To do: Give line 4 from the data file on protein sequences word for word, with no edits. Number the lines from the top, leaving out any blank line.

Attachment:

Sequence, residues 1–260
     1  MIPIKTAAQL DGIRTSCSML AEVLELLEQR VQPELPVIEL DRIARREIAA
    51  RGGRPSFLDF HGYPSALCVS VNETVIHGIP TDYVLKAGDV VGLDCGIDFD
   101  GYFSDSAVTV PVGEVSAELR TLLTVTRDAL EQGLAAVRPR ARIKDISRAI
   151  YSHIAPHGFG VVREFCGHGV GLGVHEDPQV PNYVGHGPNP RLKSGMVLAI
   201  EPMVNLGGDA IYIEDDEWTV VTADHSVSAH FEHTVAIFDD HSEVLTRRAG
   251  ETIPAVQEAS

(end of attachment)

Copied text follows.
   101  GYFSDSAVTV PVGEVSAELR TLLTVTRDAL EQGLAAVRPR ARIKDISRAI